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I have been interested in nature for most of my life but since I retired I spend as much time as I can exploring the nature reserves and wildlife hotspots of my adopted home, Dorset in southern England. Whilst out I record what I see and take snaps where I can (I am no photographer!) and that forms the basis of my Nature of Dorset website. When I find something new I like to research it and write about it in my nature notes, it is how I learn and hopefully you might find my notes helpful as well!

This website is for the people of Dorset interested in wildlife and for people from elsewhere interested in the wildlife of Dorset!

20 June, 2010

Six Spot Burnet (Zygaena filipendulae)

These vivid metallic coloured moths are emerging now in their millions along the Dorset coast; that is no exaggeration - just visit the flower meadows at Durlston and you will be staggered by how many there are.

Whilst there are other moths in the family it is hard to mistake the Six Spot Burnet for anything else. The fore wings have a dark slate coloured background with six red spots usually clearly visible but some times the two at the 'shoulder' are fused together giving the appearance of having just five spots.which can be misleading as there is a Five Spot Burnet although it is much less common.. The rear wings are bright red with a slate grey border.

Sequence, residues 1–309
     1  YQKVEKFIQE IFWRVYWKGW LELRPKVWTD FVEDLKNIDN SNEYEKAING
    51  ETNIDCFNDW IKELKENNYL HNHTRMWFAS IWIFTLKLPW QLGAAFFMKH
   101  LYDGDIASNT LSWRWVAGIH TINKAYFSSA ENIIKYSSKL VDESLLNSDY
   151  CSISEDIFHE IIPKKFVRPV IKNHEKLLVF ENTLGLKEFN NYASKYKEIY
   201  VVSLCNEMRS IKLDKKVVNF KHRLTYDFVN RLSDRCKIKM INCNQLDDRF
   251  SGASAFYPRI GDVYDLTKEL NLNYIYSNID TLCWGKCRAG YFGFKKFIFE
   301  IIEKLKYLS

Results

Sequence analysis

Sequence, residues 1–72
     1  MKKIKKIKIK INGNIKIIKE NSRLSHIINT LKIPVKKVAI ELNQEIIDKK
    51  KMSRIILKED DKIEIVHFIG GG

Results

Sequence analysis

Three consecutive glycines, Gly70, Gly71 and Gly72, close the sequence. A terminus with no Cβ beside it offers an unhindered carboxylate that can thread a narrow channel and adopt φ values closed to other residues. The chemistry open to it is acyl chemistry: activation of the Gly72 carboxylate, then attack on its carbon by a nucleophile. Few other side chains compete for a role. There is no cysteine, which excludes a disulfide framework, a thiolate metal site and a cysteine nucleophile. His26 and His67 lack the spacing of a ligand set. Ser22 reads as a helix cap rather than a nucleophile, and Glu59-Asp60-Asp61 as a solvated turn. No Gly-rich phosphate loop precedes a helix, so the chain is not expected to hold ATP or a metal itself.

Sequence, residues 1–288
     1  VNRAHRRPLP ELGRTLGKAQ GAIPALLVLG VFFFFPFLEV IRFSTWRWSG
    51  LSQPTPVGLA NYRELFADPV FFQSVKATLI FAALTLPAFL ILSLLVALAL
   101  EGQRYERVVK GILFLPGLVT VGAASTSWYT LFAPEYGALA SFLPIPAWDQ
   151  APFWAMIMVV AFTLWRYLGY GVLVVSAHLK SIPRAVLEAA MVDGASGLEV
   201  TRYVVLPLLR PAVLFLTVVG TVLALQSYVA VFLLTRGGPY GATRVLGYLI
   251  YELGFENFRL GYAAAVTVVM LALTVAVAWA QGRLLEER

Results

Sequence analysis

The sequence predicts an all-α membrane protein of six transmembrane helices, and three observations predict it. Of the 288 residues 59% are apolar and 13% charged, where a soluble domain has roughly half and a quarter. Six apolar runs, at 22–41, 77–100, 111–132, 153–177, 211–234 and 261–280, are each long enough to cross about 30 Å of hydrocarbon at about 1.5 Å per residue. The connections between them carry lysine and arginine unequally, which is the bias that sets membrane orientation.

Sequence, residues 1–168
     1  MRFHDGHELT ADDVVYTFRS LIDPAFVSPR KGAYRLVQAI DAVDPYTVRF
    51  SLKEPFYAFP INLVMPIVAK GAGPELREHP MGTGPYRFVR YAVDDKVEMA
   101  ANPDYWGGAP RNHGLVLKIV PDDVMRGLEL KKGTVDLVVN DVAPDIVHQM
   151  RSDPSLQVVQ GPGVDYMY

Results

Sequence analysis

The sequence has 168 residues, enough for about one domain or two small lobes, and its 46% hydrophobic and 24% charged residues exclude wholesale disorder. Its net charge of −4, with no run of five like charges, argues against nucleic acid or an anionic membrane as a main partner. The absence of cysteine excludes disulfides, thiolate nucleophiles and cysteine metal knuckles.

Whilst happy to feed on many flowers, their first loves are Knapweed and Scabious. Neither of these are quite out yet but this moth will be around in big numbers during July and August so there will be plenty of time for them to feast on these later.

The eggs are laid on Bird's-foot Trefoil and other leguminous plants on which the larvae feed before they transfer to a grass stem, climb up it and pupate. If you find Six Spot Burnet moths take a look at the surrounding grass and you will find their empty cocoons.